If you are in need of assistance or would like to learn more, hit the button below. Some are stable after leaving High Control groups and would like to assist others. In that case, please register to volunteer. For those who want to help but don't have the time, please just hit the donate button and give.

Learn more

The Collaborative

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Support Just For You

DCMO has assembled a collaborative of advocates, social service providers and lobbyist  to offer long-term support to men, women and children who have suffered as a result of exiting High Control groups like Jehovah's Witnesses. Just walking away from that organization can have devastating effects like losing all the friends and family you ever knew to shunning.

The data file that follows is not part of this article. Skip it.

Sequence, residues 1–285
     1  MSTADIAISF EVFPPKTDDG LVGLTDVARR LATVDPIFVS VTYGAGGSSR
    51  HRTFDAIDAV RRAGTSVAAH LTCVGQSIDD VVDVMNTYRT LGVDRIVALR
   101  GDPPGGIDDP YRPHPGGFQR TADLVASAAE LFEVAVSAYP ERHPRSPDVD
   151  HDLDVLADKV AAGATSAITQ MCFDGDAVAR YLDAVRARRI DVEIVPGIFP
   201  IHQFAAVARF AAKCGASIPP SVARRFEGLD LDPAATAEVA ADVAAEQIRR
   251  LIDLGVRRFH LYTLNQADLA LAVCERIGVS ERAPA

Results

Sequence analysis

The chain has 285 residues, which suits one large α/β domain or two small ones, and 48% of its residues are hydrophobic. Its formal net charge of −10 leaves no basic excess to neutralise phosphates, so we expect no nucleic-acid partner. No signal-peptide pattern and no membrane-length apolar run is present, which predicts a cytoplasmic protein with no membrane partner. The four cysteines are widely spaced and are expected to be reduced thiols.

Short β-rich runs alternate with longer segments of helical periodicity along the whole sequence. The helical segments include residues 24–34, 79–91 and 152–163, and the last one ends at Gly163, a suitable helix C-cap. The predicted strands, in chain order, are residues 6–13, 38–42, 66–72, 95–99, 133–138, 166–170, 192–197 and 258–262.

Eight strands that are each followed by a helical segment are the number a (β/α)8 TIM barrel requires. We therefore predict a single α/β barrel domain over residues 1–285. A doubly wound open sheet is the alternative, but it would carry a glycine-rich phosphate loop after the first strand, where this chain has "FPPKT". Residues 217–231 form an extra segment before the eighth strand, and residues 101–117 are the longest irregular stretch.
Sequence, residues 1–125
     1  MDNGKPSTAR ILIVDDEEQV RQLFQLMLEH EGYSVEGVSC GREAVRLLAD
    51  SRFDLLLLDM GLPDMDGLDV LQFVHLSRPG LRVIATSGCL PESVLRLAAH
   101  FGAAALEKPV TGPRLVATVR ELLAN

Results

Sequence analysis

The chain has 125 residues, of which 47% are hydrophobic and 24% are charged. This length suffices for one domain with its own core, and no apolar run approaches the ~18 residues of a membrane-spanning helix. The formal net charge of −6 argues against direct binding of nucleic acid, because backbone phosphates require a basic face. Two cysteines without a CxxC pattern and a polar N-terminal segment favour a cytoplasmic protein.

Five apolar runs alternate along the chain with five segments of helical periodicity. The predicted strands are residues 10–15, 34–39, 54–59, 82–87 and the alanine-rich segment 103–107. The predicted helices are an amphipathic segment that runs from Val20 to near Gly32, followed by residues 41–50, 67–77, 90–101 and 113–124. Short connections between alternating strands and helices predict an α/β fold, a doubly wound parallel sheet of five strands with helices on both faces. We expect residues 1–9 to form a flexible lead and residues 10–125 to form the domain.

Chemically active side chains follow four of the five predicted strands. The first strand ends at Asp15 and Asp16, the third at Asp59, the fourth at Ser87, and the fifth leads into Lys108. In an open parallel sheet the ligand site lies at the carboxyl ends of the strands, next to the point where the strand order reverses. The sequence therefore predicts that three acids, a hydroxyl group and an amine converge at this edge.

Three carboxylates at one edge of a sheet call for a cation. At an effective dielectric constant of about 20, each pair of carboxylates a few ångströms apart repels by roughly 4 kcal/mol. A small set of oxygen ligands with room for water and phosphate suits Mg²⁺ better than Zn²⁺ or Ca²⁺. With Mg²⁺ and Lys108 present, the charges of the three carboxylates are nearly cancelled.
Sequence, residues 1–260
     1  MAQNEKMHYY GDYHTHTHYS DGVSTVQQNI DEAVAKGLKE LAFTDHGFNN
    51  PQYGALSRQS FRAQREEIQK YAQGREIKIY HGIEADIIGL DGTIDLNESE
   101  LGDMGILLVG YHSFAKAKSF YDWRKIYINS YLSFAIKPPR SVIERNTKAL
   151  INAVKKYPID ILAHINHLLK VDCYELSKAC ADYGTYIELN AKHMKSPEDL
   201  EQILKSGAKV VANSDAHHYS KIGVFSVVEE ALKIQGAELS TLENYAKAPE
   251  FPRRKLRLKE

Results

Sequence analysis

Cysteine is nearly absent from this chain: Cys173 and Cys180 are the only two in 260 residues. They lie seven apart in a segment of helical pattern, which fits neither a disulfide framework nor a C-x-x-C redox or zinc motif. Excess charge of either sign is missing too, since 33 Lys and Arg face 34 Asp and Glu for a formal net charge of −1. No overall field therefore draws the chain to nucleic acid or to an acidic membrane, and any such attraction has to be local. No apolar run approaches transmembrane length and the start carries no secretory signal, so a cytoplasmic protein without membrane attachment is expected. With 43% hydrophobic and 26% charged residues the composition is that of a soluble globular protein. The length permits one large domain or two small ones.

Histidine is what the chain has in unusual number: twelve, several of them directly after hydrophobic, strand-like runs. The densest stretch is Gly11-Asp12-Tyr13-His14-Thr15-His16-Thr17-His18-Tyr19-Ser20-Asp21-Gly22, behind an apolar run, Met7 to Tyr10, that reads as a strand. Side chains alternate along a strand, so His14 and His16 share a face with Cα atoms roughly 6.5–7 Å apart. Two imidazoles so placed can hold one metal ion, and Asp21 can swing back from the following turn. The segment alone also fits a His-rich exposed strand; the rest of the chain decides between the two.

The Collaborative offers counseling services and referrals to vetted agencies for financial, employment,
education, transportation, health and wellness, childcare, parenting, skill development, benefits, relief, material
support and legal support. 

Community Resources

Survivors of High Control groups who experienced sex abuse can connect with community resource https://www.fightingforme.org/ free counseling. Professional counseling is essential to help people move past their past but they also need help in all areas of their life. 

Choosing to leave groups like JW's could mean you lose your family and all the friends you ever knew. There are free online tools like calm.com that can help relieve stress and give you peace of mind. This is one example of a breathing exercise to help center your thoughts.  You can visit them at: https://www.calm.com/

Contact Us For Help

We Understand What You're Going Through

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If You Have An Emergency, Call 911

For immediate social service listings, call the United Way in your area at 211.

DCMO